After more than a decade of effort, scientists are questioning whether mouse models of autism can ever capture the social deficits seen in people with the condition.
Researchers have developed behavioral measures that can accurately diagnose autism in people; these lessons can and should be applied to mice.
Researchers can convert the distinct genetic backgrounds of lab mice from a problem to an advantage, exploiting the differences to advance our understanding of autism.
Neuroscientists are sounding the alarm about ‘pseudoreplication,’ a widespread practice that studs the literature with false results.
Many tests for unusual behavior in mice are prone to operator error. Here’s how to avoid common traps.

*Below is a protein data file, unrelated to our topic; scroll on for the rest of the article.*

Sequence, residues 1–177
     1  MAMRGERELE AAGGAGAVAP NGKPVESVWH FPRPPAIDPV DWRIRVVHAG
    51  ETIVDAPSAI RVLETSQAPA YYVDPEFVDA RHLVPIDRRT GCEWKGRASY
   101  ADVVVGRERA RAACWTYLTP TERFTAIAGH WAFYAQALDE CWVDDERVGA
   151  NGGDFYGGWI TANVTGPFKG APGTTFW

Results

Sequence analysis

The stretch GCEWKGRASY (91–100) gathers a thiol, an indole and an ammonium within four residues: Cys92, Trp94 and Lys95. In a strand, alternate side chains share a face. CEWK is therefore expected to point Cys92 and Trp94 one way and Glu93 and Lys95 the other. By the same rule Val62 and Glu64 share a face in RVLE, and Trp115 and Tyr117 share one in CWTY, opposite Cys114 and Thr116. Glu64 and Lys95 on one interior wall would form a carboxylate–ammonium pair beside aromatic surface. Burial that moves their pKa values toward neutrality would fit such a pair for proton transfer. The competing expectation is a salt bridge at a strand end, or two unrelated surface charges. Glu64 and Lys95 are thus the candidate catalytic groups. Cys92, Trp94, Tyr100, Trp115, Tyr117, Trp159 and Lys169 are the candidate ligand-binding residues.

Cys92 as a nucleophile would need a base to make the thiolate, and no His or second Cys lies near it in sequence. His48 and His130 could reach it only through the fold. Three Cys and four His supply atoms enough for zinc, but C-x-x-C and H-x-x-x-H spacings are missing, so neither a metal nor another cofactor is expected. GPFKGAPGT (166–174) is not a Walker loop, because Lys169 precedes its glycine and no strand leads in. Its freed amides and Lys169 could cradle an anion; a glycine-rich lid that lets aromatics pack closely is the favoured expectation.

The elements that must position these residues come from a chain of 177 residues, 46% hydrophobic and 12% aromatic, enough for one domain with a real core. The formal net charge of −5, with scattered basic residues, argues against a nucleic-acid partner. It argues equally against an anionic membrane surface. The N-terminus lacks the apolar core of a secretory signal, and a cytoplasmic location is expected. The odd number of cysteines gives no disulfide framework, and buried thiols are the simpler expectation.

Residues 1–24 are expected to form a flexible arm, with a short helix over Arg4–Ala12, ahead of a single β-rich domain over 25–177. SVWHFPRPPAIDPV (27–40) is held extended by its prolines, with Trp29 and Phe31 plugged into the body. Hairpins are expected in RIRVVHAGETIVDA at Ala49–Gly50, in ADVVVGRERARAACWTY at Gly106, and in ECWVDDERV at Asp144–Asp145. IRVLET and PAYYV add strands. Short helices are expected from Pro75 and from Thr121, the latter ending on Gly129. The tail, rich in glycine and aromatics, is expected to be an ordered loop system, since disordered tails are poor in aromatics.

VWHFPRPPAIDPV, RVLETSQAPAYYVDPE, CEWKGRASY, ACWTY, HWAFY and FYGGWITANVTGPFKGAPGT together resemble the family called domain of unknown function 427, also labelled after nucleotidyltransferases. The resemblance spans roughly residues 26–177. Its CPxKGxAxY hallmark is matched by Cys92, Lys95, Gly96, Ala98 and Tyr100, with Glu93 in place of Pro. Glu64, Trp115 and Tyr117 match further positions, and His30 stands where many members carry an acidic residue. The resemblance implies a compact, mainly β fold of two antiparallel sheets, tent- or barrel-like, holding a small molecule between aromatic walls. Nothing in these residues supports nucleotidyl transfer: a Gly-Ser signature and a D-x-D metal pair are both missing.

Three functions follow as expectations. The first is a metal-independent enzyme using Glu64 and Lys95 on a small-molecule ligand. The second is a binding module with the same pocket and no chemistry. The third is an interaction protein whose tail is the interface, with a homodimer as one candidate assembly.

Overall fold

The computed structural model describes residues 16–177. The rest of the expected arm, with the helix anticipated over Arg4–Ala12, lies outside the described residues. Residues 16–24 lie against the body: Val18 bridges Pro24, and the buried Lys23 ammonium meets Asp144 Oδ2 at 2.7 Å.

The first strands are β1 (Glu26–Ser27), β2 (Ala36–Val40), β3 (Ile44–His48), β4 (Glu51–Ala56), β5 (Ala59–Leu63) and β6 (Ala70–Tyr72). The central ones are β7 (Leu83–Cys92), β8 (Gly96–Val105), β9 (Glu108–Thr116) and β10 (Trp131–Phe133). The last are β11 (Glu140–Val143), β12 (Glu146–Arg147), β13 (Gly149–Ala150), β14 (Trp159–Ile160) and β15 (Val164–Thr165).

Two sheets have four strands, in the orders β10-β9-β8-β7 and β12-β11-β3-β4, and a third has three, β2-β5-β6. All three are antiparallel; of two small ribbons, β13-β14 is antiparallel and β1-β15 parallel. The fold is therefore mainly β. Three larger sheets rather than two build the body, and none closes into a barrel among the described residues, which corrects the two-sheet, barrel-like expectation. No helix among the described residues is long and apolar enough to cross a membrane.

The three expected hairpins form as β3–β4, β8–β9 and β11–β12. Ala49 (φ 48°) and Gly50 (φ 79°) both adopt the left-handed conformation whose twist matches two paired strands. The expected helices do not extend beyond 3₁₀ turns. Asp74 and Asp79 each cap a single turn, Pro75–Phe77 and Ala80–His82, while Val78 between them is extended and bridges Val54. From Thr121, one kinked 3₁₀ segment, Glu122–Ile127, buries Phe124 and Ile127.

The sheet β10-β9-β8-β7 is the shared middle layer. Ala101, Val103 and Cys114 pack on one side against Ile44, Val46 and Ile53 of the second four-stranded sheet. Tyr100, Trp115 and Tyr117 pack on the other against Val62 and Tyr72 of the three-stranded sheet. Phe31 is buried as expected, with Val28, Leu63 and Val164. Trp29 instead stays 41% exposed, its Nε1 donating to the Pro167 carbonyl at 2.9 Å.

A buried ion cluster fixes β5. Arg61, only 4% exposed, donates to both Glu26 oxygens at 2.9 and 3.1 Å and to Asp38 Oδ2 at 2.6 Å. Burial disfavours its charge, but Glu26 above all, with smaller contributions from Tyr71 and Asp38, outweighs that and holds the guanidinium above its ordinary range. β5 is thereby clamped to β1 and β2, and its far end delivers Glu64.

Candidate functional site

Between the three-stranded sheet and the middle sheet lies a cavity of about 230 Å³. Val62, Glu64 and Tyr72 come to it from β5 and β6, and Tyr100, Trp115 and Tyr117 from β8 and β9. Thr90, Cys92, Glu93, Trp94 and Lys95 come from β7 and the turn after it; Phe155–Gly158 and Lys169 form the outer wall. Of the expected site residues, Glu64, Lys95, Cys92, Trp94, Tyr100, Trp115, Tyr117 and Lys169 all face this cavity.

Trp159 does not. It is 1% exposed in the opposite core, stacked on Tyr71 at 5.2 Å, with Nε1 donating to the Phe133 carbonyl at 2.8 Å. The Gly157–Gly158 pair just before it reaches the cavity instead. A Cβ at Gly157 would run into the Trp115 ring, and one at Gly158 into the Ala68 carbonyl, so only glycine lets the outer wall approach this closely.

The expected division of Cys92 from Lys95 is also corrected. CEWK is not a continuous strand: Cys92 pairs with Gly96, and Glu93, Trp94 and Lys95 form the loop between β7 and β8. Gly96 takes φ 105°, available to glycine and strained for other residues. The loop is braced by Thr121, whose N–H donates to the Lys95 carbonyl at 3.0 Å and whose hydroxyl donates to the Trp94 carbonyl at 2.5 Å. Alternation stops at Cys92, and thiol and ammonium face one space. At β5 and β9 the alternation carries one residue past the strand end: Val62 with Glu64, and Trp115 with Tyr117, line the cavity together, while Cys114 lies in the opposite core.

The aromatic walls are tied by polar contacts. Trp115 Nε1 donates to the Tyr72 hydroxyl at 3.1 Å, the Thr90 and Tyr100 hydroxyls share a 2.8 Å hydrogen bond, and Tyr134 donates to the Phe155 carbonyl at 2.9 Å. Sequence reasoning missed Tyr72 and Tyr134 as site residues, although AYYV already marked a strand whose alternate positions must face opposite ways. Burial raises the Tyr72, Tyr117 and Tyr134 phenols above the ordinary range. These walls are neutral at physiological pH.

Many researchers question the value of three early mouse models of autism, but the models have their staunch supporters.
An algorithm that decodes and quantifies mouse body language could reveal the brain circuits underlying certain autism features.
Integrating human-specific genetic elements into mice may provide a permissive, ‘humanized’ environment for studying autism.
A mouse model based on exposure to an epilepsy drug offers a useful window into the brain circuits altered in autism.
As the list of autism candidate genes grows, some mouse models of the genes turn up in long-forgotten studies.
Our autism anchors, Raphael Bernier and James Mancini, explain how mouse models can help scientists understand the causes of autism and evaluate potential treatments for the condition.
Scientists discuss the problems with using mice to study autism, and explain how the field might move forward.